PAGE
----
When institutions take theory to the shop floor, the experience gives students more than just a theoretical understanding. To succeed in this environment, students need to learn more than just theory and tools in the classroom: they need to learn how to apply the technology to solve problems.
One school incorporating this kind of thinking in its process is the University of Alabama, Huntsville, where graduate classes have adopted the use of product development technology. When students can access the same development software tools innovative companies use, they can see how production process and crucial design changes can happen in minutes.
Mark Becnel and Eric Becnel, two graduates from UAH, leveraged their experience with leading software tools to open their own small aerospace business in Huntsville: the RadioBro Corporation. Having the immediate knowledge of technical software has allowed the Becnels to succeed in an industry with a high bar for entry, particularly because they have access to a qualified workforce.
For RadioBro, their recruiting base is their alma mater because they know the students will have the software experience they need.
“That’s important to us, because that becomes a talent pool that is accessible to us to recruit from,” Marc Becnel said.
It’s because of the opportunities for students to receive a strong engineering foundation and use real-world software that allowed the Becnel Brorthers to open their own business and for Patel to live out his dream: Patel is now a systems engineer for the Curiosity rover currently exploring Mars.
Schools must do more than just recognize times are changing swiftly: it’s their job to educate the future workforce so they have the tech skills to adapt and succeed.
New industries and sectors are being invented, and they need theoretical and practical-minded graduates who are versed in sensor connectivity, machine data and manufacturing processes, data and application.
The recent MIT study on the Global State of the Art in Engineering Education notes:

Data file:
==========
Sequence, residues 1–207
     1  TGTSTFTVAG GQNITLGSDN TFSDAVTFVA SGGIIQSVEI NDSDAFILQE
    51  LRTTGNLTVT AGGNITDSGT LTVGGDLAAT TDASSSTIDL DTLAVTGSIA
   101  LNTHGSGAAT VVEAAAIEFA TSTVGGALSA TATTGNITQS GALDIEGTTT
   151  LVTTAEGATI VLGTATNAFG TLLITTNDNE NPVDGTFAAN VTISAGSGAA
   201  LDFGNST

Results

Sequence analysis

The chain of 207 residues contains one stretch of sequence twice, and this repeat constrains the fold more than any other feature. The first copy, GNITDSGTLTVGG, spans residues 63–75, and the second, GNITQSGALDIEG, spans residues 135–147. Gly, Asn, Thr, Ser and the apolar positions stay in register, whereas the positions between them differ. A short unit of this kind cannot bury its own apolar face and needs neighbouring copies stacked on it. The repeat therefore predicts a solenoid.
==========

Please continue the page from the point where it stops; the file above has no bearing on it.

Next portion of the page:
“…the engineering education sector is entering a period of rapid and fundamental change, where the world’s most highly-rated programs would no longer be confined to global research leaders and small boutique programs. This sets the scene for the emergence of new players from all corners of the globe that will set the future benchmark for excellence in engineering education.”
Introducing future students to software and processes relevant to the emerging jobs in Industry 4.0 helps engineers understand the idea of a product holistically and be well-versed in team collaboration so they can hit the ground running.
When universities and colleges commit to consistently updating their curriculum, companies will take notice of these academic leaders and recruit their Industry 4.0-ready graduates.
This concludes our post on tech skills for students in an Industry 4.0 workforce.
About the author
Dora Smith is the senior director of the global academic program for Siemens PLM Software, a business unit of Siemens Digital Factory Division. Under Dora’s leadership, the global academic program is now a company-wide strategic initiative for the company. The program empowers the next generation of digital talent through project-based learning, STEM competitions and industrial strength software and curriculum to support more than 1 million students and more than 3,000 institutions worldwide. Dora is an accredited business communicator with more than 20 years of experience. Previously, she held executive management positions at CAD Potential (now part of Tata Technologies), where she developed the company’s first academic and certification programs. Prior to that, she directed the Unigraphics Users Group (now PLM World) an independent, not-for-profit organization supporting the engineering community. She also served as president on the board of directors of IABC St. Louis. Dora earned her bachelor’s degree in journalism from the University of Missouri-Columbia and a master’s degree in business administration from Washington University.